Today is Philip Rizk's 27th birthday. Before celebrating with family and friends, he met with journalists to describe his four days in Egyptian detainment.
The full transcription of the interview can be found here.
He was threatened with torture, and informed that if he “continue[d] on this track” (his activism in regards to Gaza, assumedly) he would be “visiting [his interrogators] quite often.”
However, Rizk maintains that this is an insufficient reason to cease acting on behalf of Gaza: “I always knew there was the risk living in Egypt . . . to be involved in these kind of activities,” he said. “So you know there's a risk if you speak out too much; you know there's a risk.”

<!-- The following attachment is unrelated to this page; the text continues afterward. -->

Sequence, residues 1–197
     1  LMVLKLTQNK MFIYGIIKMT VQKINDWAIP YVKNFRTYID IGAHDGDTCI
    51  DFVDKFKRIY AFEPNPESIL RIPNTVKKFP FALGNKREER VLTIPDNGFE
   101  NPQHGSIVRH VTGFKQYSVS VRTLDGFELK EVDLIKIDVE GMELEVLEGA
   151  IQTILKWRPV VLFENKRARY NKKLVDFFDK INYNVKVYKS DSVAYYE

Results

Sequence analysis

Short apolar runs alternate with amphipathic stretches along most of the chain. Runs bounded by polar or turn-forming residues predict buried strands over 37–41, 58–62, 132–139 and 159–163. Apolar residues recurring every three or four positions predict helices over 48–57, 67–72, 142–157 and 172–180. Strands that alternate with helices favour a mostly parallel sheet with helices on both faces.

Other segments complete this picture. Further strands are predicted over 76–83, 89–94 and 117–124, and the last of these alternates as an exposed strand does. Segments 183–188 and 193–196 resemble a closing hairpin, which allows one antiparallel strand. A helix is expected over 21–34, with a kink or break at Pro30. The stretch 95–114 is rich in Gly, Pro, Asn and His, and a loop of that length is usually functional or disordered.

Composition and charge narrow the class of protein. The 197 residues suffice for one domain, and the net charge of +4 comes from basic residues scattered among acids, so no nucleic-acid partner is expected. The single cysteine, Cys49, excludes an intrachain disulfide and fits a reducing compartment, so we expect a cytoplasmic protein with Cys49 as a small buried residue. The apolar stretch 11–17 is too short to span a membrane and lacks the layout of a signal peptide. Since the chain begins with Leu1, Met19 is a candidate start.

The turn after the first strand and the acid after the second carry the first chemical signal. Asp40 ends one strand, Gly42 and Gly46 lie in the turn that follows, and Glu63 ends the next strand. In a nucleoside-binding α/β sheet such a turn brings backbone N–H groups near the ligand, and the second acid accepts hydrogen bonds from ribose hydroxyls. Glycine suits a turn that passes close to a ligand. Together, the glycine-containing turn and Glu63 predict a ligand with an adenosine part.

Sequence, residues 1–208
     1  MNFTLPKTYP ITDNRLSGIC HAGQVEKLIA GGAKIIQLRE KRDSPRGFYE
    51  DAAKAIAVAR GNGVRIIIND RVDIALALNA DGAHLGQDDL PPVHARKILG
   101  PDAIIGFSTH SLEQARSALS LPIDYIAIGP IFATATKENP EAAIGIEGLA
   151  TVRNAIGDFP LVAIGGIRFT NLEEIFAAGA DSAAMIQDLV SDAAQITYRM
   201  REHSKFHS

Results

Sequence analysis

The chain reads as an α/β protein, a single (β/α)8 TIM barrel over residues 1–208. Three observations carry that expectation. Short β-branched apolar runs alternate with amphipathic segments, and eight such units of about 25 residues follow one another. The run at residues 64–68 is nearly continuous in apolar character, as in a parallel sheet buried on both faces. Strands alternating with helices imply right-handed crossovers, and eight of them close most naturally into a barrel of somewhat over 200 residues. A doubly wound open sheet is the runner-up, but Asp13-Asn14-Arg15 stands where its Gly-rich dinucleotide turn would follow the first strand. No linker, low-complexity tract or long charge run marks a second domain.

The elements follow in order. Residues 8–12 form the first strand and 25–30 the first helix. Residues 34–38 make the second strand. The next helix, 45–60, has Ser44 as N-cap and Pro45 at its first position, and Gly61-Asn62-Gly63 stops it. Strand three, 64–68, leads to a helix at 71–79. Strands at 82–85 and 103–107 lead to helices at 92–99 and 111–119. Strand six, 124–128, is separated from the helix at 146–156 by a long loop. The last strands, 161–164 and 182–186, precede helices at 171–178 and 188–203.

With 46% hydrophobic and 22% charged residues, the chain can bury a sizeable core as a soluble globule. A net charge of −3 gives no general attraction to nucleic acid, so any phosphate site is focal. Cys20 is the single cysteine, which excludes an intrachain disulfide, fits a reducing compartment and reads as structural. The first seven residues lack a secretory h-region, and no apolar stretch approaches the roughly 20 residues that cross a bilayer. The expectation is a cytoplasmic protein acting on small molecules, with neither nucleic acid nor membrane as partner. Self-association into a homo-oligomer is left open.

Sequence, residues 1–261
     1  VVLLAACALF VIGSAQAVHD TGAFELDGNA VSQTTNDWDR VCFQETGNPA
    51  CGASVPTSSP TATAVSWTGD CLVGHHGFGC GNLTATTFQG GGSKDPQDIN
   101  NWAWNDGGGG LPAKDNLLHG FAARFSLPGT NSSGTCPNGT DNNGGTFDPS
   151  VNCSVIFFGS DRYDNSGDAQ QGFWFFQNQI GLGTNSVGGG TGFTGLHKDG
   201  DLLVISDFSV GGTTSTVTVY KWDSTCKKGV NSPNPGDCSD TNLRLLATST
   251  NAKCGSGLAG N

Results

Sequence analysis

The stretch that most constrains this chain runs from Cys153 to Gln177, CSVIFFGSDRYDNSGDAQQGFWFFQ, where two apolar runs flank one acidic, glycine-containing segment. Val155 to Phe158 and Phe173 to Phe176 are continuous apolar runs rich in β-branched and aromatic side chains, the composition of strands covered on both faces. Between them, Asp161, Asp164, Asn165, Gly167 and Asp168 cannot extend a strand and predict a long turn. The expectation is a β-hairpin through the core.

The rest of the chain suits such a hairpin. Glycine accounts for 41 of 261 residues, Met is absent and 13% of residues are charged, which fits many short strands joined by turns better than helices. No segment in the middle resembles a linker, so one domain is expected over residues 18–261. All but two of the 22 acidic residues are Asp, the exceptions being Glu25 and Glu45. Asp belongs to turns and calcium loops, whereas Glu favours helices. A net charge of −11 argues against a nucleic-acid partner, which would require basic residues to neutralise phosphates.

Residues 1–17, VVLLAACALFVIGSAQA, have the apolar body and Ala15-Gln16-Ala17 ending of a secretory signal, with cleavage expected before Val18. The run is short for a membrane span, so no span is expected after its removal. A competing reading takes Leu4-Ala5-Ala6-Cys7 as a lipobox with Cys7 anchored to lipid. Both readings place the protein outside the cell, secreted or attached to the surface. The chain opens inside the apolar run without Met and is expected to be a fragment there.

C.S. Lewis once claimed that those who would make peace in non-violent ways (the so-called "pacifists" of the world) were ultimately cowards at heart. I must humbly (but passionately) disagree. If it's courage that we need, I want the courage, not to point a gun at my enemy (or my friend's enemy), but to suffer at thier hands, and still speak on behalf of justice. To risk recrimination, to risk violence and suffering, and to never be silenced. I want the courage of Jesus, and Gandhi, and Martin Luther King, Jr.
And yes, I want the courage of Philip Rizk.